Article 50 requires the EU to conclude an agreement with the seceding state, “taking account of the framework for its future relationship with the Union“. Notably, Articles 3, 4 8 and 21 of the Treaty on European Union require the EU to “contribute to … free and fair trade” and to “work for a high degree of cooperation in all fields of international relations, in order to … encourage the integration of all countries into the world economy, including through the progressive abolition of restrictions on international trade” and to adhere to the “principle of sincere cooperation […] in full mutual respect” and “assist each other in carrying out tasks which flow from the Treaties.”

Add to that the sheer illogicality of effectively launching a trade war against the only vaguely dynamic economy and trading partner in the entire region, and the idea of the EU “punishing” Britain starts to look like the absurd scaremongering hyberbole which it so clearly is.

But being demonstrably wrong does nothing to deter the European Union’s cheerleaders within the British political establishment. Only back in October, this blog had to take Conservative MP Mark Field to task for tremulously suggesting that a vote for Brexit would somehow give France just cause to cease all co-operation with reciprocal border controls by way of retaliation:

On the border question, Mark Field seems to accept that it would be right and proper for France to retaliate against Brexit by ceasing all border co-operation and actively helping to funnel more illegal immigrants to Britain. If this is really what he thinks France would do – if he really believes that the French hold this attitude to the British – he should be railing against the French for their supposed immaturity and recklessness in the face of a European migration crisis, not holding it up as a warning to Britons not to provoke the French into doing something so patently unreasonable.

At every turn, Mark Field seems to not only imagine the worst, most apocalyptic response possible from our EU partners, but also then assumes that they would be somehow justified in being so intransigent and punitive in their dealings with Britain, and that it would somehow be our fault for having provoked them.

Where does this dismal, pessimistic attitude come from? Why does Mark Field think so little of his own country, our status and our potential that he sincerely believes that other (mostly smaller) countries would bully us if we vote to leave the European Union, and that not only would Britain be totally unable to withstand this bullying, but that they would be right to bully us in the first place?

Displaying Olympian feats of cognitive dissonance, the EU’s cheerleaders within the Remain campaign are somehow able to hold a number of poisonous and utterly contradictory ideas within their heads at all times, including the following rigid beliefs:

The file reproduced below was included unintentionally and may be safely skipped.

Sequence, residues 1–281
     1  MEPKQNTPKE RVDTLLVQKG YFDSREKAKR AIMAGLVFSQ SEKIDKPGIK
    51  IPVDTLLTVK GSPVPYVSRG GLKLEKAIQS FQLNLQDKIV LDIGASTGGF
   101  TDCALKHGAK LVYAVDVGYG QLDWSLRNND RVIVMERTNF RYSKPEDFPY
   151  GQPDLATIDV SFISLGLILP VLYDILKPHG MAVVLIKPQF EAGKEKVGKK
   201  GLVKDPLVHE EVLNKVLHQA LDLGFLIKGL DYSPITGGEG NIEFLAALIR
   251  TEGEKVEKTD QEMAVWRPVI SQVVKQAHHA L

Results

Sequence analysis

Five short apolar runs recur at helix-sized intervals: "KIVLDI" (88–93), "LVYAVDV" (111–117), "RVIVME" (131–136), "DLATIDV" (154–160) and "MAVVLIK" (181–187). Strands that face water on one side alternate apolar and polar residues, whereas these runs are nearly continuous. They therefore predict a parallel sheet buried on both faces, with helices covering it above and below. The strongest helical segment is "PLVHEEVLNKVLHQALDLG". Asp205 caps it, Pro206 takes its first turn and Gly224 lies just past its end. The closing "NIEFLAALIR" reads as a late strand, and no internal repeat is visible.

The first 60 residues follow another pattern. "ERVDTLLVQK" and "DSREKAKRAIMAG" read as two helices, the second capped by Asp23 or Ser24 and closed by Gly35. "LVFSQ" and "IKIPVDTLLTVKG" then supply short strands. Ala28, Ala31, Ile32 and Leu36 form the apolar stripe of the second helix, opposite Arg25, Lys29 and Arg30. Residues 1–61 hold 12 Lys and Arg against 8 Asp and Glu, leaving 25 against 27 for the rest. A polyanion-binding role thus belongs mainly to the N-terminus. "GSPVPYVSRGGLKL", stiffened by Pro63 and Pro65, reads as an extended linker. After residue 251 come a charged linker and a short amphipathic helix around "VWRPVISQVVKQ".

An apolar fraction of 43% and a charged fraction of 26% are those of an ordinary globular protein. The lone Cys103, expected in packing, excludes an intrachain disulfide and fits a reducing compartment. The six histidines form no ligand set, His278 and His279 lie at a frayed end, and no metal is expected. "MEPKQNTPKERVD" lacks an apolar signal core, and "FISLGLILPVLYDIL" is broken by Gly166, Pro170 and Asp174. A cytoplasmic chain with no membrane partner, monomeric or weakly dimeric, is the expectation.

1. The EU is our benevolent protector, always looking out for us
  2. The EU is a jealous lover, demanding our absolute fidelity
  3. The EU will attack us mercilessly if we ever decide to leave it
  4. Britain will deserve any attack by the EU if we choose to leave
  5. Britain is incapable of standing up to any act of bullying by the EU

Like a battered spouse, many pro-EU campaigners and commentators have convinced themselves that Brussels is always in the right, and Britain – with our pesky, awkward hangups about sovereignty and democracy – is perpetually in the wrong.

Like a battered spouse, many of the EU’s British cheerleaders have internalised the corrosive, national self-doubt and occasional sabre-rattling from the continent to such an extent that they sincerely believe that any punishment or retaliation coming our way would somehow be deserved.

And like a battered spouse, the Remain campaign are under the spell of an autocratic (and in this case imaginary) bully whose power to coerce is completely illusory – once we make the brave decision to leave.

But here’s the really good news: Britain does not have to remain in this abusive relationship any longer. There will be no retaliation for leaving, because there can be no retaliation – even if intemperate heads within Brussels wanted to make an example out of Britain, they would be constrained both by law and commercial imperative.

Better still, a rational and thorough plan of escape already exists, laying out a detailed strategy to separate Britain from the EU’s political tentacles in a phased, low-risk approach. That plan is called Flexcit (or The Market Solution), and any serious Brexit campaigner – or engaged citizen – should give it their serious attention.

By contrast, the pro-EU side – as well as being unable to decide whether Brussels is a trusted partner or an abusive spouse – have no plan for how Britain should react when the EU takes the next inevitable step toward fiscal and political union, leaving Britain with the choice of limited influence within the core (at the price of adopting the Euro) or complete irrelevance on the periphery. The status quo is not an option in this referendum.

And given the choice between the timid, euro-parochialism of the Remain campaign and the Leave campaign’s positive vision of a prosperous and democratic United Kingdom outside the EU, there is simply no contest.